It’s a shame ESPN has been so schizophrenic with its studio coverage of the games. Otherwise, JK could have his chance to publicly interview with not only the die-hard fan (who should already have tons of respect from his accolades as player and coach), but also with the casual fan who will undoubtedly feel left out when the head coach discussions begin.

Sidebar:  Could you imagine the studio team for NFL Today or ESPN College Gameday changing before EVERY SINGLE GAME and sometimes at HALFTIME?!?!?  Who approved this at ESPN? I understand the rotation keeps the on-air talent fresh for their appearances, but they took it to a next level. Rotate the hosts and then just have, Klinsman, Lalas, and Macca. Done. I digress.

A coach of Klinsman’s calibre is necessary to adjust the nationwide and eventually worldwide expectations for US Soccer.  The reality of the 2010 World Cup is that with the talent we fielded and the group we drew, a Round of 16 exit is not just disappointing, its a failure. And having been there as a player and coach, Klinsman has the credibility to demand no less.

The Gulati  quotes concerning the missed opportunity to keep the team in front of American TV audiences miss the point. He sounds like an NBA owner talking about his displeasure with their teams inability to make the playoffs.  That approach isn’t going to cut it, SG.  The World Cup is a revenue generating event for ALL involved, yes, but its what happens on the field that should be your first concern. Sarkozy didn’t call Thierry Henry into his office for a special meeting (lINK) because they missed a chance to be in front of more French TV viewers, he called him in because what happened is quite literally a national embarrassment and someone needs to be held accountable. In all seriousness, if we got to that point as a soccer nation, where the freaking president (!) got involved after a bad performance, I’d rest a little bit easier.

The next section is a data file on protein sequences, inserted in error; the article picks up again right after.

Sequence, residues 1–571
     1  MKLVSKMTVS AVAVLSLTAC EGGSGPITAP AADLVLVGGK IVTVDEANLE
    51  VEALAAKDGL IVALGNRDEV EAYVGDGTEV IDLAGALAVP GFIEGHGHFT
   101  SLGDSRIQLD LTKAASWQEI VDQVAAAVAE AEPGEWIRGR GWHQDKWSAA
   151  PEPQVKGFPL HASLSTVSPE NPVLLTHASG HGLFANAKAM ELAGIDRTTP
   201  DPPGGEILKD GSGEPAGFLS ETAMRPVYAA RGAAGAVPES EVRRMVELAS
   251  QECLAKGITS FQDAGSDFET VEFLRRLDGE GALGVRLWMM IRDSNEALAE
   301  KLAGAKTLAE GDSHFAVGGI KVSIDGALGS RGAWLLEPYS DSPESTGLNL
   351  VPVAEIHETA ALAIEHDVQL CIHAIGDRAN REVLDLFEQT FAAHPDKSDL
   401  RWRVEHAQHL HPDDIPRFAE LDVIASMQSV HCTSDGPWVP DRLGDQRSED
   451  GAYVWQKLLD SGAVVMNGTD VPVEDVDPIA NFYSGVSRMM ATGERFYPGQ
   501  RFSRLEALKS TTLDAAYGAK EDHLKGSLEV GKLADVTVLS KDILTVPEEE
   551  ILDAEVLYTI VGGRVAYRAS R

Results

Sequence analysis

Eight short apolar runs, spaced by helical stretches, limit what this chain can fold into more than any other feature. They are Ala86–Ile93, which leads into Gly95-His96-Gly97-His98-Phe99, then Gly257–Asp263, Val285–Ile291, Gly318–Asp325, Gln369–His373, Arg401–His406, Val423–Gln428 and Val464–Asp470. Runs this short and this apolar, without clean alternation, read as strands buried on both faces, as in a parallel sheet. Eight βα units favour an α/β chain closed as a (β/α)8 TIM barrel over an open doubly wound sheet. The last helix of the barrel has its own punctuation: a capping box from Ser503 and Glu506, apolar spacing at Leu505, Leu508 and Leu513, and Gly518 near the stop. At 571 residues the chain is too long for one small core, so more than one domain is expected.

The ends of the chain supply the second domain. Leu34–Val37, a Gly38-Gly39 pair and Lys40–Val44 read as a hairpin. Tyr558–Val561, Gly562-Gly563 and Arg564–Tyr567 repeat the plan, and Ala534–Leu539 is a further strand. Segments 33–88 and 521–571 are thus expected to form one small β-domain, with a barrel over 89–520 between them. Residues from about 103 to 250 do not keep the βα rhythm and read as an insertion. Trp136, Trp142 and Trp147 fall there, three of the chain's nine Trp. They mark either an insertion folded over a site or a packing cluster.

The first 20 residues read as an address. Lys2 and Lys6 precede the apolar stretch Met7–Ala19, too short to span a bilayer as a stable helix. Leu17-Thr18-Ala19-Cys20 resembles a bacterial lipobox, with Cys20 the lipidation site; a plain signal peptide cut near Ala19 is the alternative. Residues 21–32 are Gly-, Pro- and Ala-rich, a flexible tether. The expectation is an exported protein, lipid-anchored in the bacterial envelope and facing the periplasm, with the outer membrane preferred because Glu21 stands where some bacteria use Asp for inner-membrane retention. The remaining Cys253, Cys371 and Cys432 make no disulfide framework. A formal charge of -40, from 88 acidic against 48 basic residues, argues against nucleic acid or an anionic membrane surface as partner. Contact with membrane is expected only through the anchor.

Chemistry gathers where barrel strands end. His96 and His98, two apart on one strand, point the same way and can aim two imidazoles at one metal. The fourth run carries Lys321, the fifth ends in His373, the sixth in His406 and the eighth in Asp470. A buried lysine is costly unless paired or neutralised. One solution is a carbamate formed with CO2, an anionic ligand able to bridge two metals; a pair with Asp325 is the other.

Gulati  should be less concerned about TV ratings and working with MLS bosses and owners to ensure that the next head coach can have unlimited access to players for regional friendlies and cup competitions, apparently the main sticking point for Klinsman a few years back. Seriously? The freaking MLS was the reason we couldn’t get a proven yet up and coming international coach to take our program? Who is asleep at the wheel of this car? Oh right, Gulati .

There is an opportunity to right that wrong in the next few weeks as the opportunity to name a new coach will present itself to the Federation.  And to do that correctly, it must be a man who has proven himself, in the World Cup or at the international level as a player, coach, or both. Someone who can chance the expectations not just for the die-hard 80s babies like myself , but for the casual fan who is more interested in America doing the best it can, whatever the sport is. The comments from Simmons’ column  come to mind here.

We have the resources. The facilities. The players. The interest. Now its up to the Federation to follow through and not waste another 4 years. As hopeful as I am, I’ve been burnt before by Gulati  and company.

James Mundia is a soccer player, coach, and enthusiast based in Washington, D.C.